Maria Giannacopoulos is a Greek-Australian academic in the School of Law, Society & Criminology and the new CCLJ director. Born and raised on Gadigal land, Maria is recognised internationally for pioneering grounded theoretical approaches for understanding law's relationship to colonial power and its expanding carcerality. Prior to joining UNSW Law and Justice, Maria taught law, sociolegal studies and criminology at Flinders University on Kaurna Country for over a decade. Find out more about Maria in this short Q&A:

What project are you working on that excites you?

I am feeling energised by a collaborative and international project on the decriminalisation of abortion. Last year the overturning of Roe v Wade made global headlines. But while intense media and scholarly focus has been on the US, our research team with members based in Sydney, Melbourne, Adelaide, UK and New Zealand, is tracking and seeking to understand the more progressive unfolding global trend towards the liberalisation of abortion. Abortion has been such a central concern for feminists and for gender equality for over 50 years and so we now need to ask: what happens to abortion access after decriminalisation? How effective is decriminalisation as a form of social change?

What do you hope to achieve with your research/impact & engagement in the next year?

I have just stepped into the role of Director for the Centre of Crime Law and Justice. I am excited by this role as it means working closely with CCLJ members to identify key areas of interest and strength as we refresh and sharpen our vision for the next five years. At a time when calls to envision and engage with alternatives to current forms of punishment and policing are being made across the world, CCLJ is perfectly positioned to focus on and collectively respond to some of the most persistent and urgent justice questions. I am keen to build our synergies with individuals, research centres and community organisations with whom we share values, locally, nationally and globally. CCLJ has always been about meaningful engagement with communities and this will continue.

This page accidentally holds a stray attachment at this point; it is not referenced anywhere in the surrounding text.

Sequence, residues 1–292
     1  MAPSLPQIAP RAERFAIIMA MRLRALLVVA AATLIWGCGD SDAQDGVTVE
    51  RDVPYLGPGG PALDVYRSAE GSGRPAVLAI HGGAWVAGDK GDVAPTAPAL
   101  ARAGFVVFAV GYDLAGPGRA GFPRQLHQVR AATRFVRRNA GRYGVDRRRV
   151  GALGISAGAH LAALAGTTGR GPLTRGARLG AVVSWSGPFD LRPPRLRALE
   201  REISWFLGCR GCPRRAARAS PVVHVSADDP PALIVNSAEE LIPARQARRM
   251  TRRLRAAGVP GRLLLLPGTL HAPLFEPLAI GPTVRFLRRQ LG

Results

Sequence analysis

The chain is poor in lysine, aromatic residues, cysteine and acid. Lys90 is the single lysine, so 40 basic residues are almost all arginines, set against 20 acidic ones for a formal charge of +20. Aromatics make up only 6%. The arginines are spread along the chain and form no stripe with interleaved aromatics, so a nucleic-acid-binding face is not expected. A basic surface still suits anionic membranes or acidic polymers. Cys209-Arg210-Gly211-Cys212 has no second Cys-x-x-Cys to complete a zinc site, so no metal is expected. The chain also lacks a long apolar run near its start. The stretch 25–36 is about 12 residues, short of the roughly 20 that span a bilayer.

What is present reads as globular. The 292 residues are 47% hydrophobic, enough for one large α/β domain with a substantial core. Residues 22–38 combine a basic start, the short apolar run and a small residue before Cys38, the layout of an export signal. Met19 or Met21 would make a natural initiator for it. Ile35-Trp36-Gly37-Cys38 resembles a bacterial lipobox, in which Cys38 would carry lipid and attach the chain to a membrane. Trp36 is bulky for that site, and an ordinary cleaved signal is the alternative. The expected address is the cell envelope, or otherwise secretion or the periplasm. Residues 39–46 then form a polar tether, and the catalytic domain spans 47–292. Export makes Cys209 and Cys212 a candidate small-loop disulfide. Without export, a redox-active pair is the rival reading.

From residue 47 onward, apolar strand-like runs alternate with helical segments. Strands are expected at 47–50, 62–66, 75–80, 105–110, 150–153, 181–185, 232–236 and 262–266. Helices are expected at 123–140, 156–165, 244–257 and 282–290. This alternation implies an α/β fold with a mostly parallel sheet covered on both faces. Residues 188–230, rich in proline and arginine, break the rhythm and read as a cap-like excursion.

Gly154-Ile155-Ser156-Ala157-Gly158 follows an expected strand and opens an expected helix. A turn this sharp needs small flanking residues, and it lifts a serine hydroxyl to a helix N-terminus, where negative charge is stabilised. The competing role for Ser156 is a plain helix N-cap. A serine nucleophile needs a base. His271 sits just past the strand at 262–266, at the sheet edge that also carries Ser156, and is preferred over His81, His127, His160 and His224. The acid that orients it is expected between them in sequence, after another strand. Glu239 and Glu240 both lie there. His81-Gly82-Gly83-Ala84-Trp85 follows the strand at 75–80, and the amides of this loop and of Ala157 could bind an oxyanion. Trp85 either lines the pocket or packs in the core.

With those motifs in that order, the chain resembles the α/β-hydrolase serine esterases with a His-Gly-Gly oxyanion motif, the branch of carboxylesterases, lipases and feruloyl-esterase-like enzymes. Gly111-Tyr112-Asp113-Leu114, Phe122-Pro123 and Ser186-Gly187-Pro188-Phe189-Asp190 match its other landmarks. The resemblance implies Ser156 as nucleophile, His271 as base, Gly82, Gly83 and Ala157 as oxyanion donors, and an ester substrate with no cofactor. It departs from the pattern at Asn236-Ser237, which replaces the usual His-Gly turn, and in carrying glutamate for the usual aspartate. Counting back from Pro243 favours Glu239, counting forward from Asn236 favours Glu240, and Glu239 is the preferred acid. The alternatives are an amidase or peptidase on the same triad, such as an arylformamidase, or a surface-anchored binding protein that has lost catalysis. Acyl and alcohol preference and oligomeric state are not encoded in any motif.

What research/impact & engagement achievement are you most proud of and why?  

I am most proud of the fact that my supervision of PhD, Masters and Honours projects over the years has helped to transform the lives of emerging scholars from linguistically, culturally and economically diverse backgrounds.   I have supervised students across disciplines (sociolegal studies, criminology, law, gender studies and cultural studies) from Bangladesh, Indonesia, Canada and from Indigenous and CALD Australian backgrounds.  It was incredibly heartening to be present at the graduations of two PhD students with refugee backgrounds one of whom had lived in a camp in Africa for over 12 years.  Supervision can draw together teaching skill and research expertise in transformative ways.  Tina McPhee, who I taught elsewhere, from first year through to Honours while she was on parole, joins us to undertake her PhD in the Faculty this year. I am certain that in supervising Tina, I am contributing to the research strengths of an already formidable voice in criminology.   

Do you have a regular research practice that you can share? 

I take every opportunity I can to stay in regular contact with academic colleagues around the country and the world for intellectual exchange, mentorship and support in navigating life as an academic from a CALD and working class background. The older I get the more I recognise the necessity for sharing of experiences with others who have navigated the challenges of academic life in similar ways. 

Are there any research/impact & engagement questions or problems you need help with? Is there a particular topic you would like to connect with other scholars on?

I am very keen to hear from and connect with colleagues who may be interested in getting involved with CCLJ. I am currently working on my book project Colonial Debtscapes: Austerity Sovereignty Law and would love to buy coffee for anyone interested in chatting about it!